10 October 2023 .Bruselas , Belgium
EVENTS, Raising Awareness

World Mental Health Day 2023: Recognising mental health as a Universal Right

The World Health Organisation recognises World Mental Health Day on October 10, 2023, every year. This year’s theme, set by the World Federation for Mental Health, is “Mental Health is a universal human right”.

Whilst the COVID-19 pandemic has, and continues to take its toll on our mental health, the ability to reconnect through World Mental Health Day 2023 will provide us with an opportunity to re-kindle our efforts to protect and improve mental health.

Mental health problems exist in our lives, families, workplaces and communities, impacting everyone. In this special day, we would like to acknowledge and recognise the impact on emotional wellbeing for both people living with bladder cancer and their caregivers.

Around the world, 570,000 people are diagnosed with bladder cancer making it the 10th most commonly diagnosed cancer. Studies have shown that mental health issues, such as depression and anxiety, often coexist with a diagnosis of bladder cancer with a worse prognosis associated with greater psychological burden.

For people who are told they have bladder cancer, it can be really tough emotionally. Not knowing what will happen, going through tough treatments, and being scared about the future can make them feel very down. This shows how it’s really important that we do more to let people know about bladder cancer, help them out, and stand up for them.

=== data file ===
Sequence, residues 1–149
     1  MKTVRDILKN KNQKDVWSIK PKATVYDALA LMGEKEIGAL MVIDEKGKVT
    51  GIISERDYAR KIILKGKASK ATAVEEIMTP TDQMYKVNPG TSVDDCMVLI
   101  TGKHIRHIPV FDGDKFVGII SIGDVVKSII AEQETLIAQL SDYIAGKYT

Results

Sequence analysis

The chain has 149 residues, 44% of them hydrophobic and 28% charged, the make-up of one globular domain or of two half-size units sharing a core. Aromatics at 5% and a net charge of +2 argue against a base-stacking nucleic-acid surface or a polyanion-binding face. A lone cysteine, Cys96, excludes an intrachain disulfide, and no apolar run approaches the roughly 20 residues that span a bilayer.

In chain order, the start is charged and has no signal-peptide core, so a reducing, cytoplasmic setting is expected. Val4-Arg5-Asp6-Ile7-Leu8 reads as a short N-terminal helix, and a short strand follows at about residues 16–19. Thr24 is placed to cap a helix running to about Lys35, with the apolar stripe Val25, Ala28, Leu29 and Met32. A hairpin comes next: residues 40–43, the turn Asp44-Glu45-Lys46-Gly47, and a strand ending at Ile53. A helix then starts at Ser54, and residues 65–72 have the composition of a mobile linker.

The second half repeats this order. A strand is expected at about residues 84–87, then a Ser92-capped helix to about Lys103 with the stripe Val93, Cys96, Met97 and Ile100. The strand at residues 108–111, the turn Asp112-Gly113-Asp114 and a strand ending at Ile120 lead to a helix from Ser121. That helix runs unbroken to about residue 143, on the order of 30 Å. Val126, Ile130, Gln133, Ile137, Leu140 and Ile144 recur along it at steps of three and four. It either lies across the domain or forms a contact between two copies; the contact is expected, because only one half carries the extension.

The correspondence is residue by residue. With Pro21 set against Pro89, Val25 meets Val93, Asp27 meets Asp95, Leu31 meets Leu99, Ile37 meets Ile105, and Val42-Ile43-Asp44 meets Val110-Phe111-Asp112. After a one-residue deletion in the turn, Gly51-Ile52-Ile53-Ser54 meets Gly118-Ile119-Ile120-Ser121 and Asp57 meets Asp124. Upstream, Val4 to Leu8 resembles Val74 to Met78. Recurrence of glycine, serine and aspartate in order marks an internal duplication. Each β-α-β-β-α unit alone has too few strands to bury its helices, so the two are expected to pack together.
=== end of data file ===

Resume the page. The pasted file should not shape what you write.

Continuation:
On World Mental Health Day, we should remember that mental health isn’t something separate from our physical health. It’s all connected. When we say mental health is a universal human right, it means we should pay attention to how people feel and think when they have diseases such as bladder cancer.

There is a need for greater support and awareness of mental health challenges faced by people affected by bladder cancer. It is fundamental to raise awareness about bladder cancer and to continue building a support community as it may help with improving outcomes for people by bladder cancer worldwide.

It is fundamental for people with bladder cancer to have a support system that cares about their feelings and thoughts. This means making sure they can find the help, information, and emotional support they need to stay strong and hopeful during their journey.

Things like setting up groups for bladder cancer patients and sharing information are a big part of this. These efforts can create a community that not only tells people about bladder cancer but also helps them deal with their emotions in a positive way.

We invite you to explore our Start-up guide – a valuable resource for anyone with ambitions to start a bladder cancer patient group in their country.

We invite you to visit our Bladder Cancer information pages to know more about bladder cancer and initiate the conversation with your community .

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